A New York-licensed attorney and former partner at a New York law firm pleaded guilty today to conspiracy to defraud the United States and tax evasion arising from a scheme to embezzle millions of dollars from a deceased client’s estate, announced Principal Deputy Assistant Attorney General Richard E. Zuckerman of the Justice Department’s Tax Division and U.S. Attorney Geoffrey S. Berman for the Southern District of New York.
“The fiduciary duty that a lawyer owes to a client is paramount to the practice of law,” said Principal Deputy Assistant Attorney General Zuckerman. “The Justice Department will prosecute and seek just punishment against any attorney who victimizes their clients for their own personal gain.”
“As he admitted in court today, Steven Etkind violated the law, the canons of his profession, and the trust of his client by stealing more than $3.5 million from the client’s estate,” said U.S. Attorney Berman. “Etkind now awaits sentencing for his crimes.”
According to court documents and statements made in court, Steven M. Etkind was a partner at a New York law firm’s tax, trusts and estates group and a Certified Public Accountant. Etkind performed legal work for a successful entrepreneur client, who passed away in 2008, naming Etkind as the co-executor of his $35 million estate.
The client’s will directed the creation of two charitable trust private foundations, funded with assets from the client’s estate, for the sole purpose of donating to 501(c)(3) charitable organizations, including those aimed at assisting Jewish-sponsored organizations. Etkind was named co-trustee of these trusts.
Beginning in 2009, Etkind and his co-conspirator set up a phony charitable organization, the United Jewish Education Foundation (UJEF), and used it to steal more than $3.5 million from these charitable trusts. As part of the conspiracy, Etkind directed that donations from the trusts be first made to legitimate Jewish charitable organizations in order to give the disbursements the appearance of legitimate donations. Etkind and his co-conspirator then redirected the funds to accounts of UJEF, the phony charity that his co-conspirator controlled.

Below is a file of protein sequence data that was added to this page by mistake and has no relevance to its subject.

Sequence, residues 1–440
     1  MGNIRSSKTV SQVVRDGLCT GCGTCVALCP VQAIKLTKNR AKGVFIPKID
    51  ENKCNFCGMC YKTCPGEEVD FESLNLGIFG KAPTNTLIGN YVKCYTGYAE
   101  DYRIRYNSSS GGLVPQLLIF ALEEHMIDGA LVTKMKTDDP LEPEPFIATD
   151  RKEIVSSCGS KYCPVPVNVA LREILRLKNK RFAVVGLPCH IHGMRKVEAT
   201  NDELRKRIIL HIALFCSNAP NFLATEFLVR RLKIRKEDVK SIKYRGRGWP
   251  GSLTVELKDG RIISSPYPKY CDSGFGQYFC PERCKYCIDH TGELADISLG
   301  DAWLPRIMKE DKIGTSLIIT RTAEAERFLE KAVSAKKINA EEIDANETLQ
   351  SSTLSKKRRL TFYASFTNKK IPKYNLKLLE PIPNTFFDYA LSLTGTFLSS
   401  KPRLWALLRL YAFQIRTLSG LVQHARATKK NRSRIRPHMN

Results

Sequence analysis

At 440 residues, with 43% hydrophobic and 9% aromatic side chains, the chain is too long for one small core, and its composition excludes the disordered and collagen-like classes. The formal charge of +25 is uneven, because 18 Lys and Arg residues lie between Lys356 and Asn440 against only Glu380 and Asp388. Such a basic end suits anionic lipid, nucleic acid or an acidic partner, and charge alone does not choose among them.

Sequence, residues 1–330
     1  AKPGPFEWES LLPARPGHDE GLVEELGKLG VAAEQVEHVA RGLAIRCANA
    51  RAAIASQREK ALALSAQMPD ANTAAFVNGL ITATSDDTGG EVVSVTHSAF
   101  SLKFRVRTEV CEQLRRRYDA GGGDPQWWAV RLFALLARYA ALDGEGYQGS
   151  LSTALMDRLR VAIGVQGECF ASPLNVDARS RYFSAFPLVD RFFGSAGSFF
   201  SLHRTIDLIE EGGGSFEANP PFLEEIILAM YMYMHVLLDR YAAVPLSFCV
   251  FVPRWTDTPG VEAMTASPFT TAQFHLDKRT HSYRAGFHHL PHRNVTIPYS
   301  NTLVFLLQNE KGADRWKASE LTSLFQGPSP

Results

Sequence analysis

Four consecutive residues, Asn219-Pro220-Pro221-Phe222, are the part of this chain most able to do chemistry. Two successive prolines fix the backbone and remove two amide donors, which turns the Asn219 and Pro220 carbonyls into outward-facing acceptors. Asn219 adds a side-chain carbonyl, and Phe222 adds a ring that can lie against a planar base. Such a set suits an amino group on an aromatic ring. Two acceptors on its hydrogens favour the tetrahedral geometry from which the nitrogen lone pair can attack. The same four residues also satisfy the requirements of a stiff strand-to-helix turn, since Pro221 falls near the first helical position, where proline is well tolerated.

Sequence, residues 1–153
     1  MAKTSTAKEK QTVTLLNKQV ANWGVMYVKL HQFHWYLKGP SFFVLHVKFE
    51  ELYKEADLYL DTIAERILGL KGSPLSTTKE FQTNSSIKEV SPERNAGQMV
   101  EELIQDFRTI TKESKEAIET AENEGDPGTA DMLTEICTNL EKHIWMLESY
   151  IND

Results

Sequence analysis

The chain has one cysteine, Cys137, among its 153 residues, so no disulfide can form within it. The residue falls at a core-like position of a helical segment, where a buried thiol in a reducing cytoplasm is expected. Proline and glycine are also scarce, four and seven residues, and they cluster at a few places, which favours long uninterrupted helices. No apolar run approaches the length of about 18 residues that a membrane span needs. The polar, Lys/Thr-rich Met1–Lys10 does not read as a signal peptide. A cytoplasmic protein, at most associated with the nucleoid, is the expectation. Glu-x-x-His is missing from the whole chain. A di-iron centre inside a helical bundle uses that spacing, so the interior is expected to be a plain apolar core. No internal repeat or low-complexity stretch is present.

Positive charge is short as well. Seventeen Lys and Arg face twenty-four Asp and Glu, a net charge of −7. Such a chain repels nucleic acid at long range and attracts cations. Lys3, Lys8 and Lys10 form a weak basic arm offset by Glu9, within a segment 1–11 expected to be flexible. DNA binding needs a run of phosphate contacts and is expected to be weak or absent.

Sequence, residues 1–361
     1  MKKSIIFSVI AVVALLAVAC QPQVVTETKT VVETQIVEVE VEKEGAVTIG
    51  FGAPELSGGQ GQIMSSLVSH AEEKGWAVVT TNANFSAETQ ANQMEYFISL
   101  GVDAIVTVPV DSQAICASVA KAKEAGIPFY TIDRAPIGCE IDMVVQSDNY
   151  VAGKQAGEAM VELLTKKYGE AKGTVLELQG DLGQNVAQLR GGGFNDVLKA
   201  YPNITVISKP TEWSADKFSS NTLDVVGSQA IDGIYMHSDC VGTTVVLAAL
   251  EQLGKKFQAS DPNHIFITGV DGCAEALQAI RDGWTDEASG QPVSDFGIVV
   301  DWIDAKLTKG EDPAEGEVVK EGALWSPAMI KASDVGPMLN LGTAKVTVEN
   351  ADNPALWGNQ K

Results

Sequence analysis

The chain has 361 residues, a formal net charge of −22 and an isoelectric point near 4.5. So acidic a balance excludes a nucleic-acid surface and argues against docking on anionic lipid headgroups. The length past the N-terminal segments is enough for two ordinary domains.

Etkind subsequently directed his co-conspirator to write checks, totaling $327,500, to a bank account in the name of JE Capital Holding Corp., a nominee corporate entity that Etkind controlled exclusively. Etkind further directed more than $3 million to be used in 2010 to purchase a 6,300 square-foot home with a swimming pool in Southampton, New York. The Southampton property was purchased for the use and enjoyment of Etkind and his family. Etkind later transferred title of the property to JE Trust, a nominee trust he controlled.
To conceal his embezzlement, Etkind filed, and caused to be filed, fraudulent personal, corporate, and charitable trust returns with the Internal Revenue Service (IRS). During the course of a subsequent audit of UJEF by the IRS Tax Exempt & Government Entities Division, Etkind and his co-conspirator made several false and misleading statements, including about the true ownership of the Southampton Property.
United States District Judge John G. Koelt scheduled Etkind’s sentencing for January 18, 2019. Etkind faces a statutory maximum sentence of five years in prison on the conspiracy charge and five years in prison for tax evasion. He also faces a period of supervised release, restitution, and monetary penalties.
Principal Deputy Assistant Attorney General Zuckerman and U.S. Attorney Berman praised the outstanding efforts by special agents of IRS Criminal Investigation, who conducted the investigation, and Trial Attorneys Jorge Almonte and Jack A. Morgan of the Tax Division, who are prosecuting the case, as well as the IRS’s Tax Exempt & Government Entities Division for their assistance in the investigation.
Additional information about the Tax Division and its enforcement efforts may be found on the division’s website.
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Author: September 6, 2018